IP4: The use of AMS for isotopic analysis of pre-solar materials and for the search of SN-produced r-process nuclides 182Hf and 244Pu.


Live supernova (SN) produced radionuclides detected in terrestrial archives can provide valuable information on explosive nucleosynthesis and the development of the ejecta including dust formation. Only a very tiny amount (about one in a million atoms per cm2) is deposited in such events, and thus it can only be measured with the high sensitivity of accelerator mass spectrometry (AMS). So far only a signal from 60Fe (t1/2 = 1.5 Myr) in slow-growing deep-sea FeMn crusts has been found, which indicates that a SN exploded in the vicinity of the Solar System some 2-3 Myr ago. Searches for signals of other candidate radionuclides (e.g. the r-process nuclides 244Pu, 182Hf) were hindered by low detection efficiencies or strong isobaric contamination. Within the scope of this IP we will put effort to improve upon these challenges.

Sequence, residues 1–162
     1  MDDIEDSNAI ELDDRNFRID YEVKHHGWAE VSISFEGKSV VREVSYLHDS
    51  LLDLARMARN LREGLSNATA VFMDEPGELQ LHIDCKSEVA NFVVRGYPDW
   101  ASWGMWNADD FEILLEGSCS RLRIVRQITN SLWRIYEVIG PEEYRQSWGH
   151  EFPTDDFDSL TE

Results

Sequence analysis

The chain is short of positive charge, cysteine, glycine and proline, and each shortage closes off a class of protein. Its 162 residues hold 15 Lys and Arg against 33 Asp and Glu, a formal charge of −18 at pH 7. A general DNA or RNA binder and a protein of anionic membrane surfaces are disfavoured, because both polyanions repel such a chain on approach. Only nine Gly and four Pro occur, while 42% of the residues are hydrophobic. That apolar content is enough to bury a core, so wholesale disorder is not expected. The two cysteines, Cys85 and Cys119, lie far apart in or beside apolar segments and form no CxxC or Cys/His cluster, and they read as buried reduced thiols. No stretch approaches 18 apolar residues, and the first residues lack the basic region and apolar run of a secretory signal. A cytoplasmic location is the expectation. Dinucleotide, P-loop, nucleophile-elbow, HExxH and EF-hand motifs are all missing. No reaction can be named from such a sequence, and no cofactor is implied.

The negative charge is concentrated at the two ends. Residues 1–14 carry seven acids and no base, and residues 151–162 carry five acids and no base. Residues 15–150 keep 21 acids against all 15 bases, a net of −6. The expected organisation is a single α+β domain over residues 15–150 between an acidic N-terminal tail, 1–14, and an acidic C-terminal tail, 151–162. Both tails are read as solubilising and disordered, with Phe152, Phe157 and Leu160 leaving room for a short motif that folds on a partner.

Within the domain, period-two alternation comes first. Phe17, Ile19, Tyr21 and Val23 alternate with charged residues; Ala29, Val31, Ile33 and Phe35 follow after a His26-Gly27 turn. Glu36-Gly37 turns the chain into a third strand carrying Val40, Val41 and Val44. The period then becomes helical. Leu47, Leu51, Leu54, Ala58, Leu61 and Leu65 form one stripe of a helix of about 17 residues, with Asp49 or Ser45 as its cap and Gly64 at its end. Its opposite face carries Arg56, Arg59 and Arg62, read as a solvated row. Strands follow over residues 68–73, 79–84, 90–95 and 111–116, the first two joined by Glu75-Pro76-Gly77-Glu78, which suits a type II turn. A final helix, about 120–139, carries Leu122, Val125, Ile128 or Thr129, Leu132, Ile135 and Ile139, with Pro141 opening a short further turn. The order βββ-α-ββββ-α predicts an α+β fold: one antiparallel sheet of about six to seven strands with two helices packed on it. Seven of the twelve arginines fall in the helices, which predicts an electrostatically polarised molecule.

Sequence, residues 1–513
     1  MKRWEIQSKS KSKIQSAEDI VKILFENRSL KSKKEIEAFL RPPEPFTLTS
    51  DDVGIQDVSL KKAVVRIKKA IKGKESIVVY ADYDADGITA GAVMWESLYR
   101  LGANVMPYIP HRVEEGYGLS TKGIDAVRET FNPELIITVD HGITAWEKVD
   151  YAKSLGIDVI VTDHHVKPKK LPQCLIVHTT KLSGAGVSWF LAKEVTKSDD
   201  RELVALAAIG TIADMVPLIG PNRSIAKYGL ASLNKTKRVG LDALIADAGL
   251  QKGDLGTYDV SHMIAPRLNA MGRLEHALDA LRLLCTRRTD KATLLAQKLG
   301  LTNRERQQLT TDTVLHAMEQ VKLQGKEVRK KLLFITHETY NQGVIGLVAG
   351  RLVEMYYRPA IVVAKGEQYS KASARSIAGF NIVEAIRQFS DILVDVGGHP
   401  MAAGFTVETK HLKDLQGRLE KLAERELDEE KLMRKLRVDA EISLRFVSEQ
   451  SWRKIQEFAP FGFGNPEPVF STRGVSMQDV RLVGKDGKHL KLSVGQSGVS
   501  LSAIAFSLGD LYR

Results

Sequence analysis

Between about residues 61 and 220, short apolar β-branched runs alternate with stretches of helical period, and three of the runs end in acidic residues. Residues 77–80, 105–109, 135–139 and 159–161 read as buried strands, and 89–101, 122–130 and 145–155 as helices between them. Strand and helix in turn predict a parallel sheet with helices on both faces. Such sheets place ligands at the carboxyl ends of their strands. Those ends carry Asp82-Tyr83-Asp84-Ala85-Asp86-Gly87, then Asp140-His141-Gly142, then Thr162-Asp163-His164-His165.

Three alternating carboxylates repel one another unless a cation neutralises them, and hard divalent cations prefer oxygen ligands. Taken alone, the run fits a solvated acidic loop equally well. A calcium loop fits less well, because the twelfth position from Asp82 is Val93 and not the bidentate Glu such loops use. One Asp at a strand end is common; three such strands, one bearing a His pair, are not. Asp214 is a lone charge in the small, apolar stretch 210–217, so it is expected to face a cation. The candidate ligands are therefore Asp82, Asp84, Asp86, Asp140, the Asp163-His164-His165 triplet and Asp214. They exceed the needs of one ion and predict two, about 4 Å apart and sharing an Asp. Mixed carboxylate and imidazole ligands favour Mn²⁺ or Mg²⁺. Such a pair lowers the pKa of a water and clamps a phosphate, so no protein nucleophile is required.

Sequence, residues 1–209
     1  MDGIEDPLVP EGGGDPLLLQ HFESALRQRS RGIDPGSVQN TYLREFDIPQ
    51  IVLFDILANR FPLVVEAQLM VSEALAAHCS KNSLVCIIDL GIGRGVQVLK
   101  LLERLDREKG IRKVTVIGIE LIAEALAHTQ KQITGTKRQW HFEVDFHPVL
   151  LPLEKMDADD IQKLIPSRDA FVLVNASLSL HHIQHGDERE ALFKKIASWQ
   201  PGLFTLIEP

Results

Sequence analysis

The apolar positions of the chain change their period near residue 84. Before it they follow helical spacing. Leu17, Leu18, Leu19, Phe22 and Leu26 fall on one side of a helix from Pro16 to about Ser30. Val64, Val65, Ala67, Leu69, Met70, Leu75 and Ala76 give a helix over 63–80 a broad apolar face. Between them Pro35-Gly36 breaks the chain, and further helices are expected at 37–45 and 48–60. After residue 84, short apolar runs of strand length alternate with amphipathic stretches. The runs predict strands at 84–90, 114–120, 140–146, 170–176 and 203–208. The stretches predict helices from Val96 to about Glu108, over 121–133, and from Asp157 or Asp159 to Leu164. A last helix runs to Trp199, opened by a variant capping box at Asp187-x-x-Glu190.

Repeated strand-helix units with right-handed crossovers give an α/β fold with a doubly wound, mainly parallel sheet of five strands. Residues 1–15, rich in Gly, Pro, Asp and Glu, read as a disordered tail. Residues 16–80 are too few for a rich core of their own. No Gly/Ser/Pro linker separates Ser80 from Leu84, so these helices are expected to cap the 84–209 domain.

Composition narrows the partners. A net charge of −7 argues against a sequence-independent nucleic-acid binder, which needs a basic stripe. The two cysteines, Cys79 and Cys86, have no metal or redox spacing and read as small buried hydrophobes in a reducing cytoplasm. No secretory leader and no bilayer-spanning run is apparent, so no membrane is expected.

Pre-solar grains contain valuable information about the conditions of the early Solar System. By measuring the isotopic pattern of stable isotopes contributions from the nucleosynthesis processes (s-, p- and r-process) can be obtained. However, measurements in particular of heavier elements (e.g. rare earth elements) using stable mass spectrometers suffer from molecular and isobaric interferences. Within this IP we will combine the advantages of the spatial resolution of an ion source normally used in secondary ion mass spectrometry (SIMS) with the analyzing capabilities of an AMS system. The main advantage of that combination (also called SuperSIMS or AcceleratorSIMS) is that the destruction of molecules during the acceleration process eliminates the problem of molecular isobaric interferences.  High ion energies (up to ~60 MeV) allows also identification of atomic isobars. Together with IP3 (University of Vienna) and AP1 (MPI Mainz) we plan to analyze pre-solar nanodiamonds, which seem to contain products of nucleosynthesis from massive stars.

Collaborators (ETH Zurich, CH)

Dr. Christof Vockenhuber (IP leader)

Dr. Dominik Güttler (Post-Doc)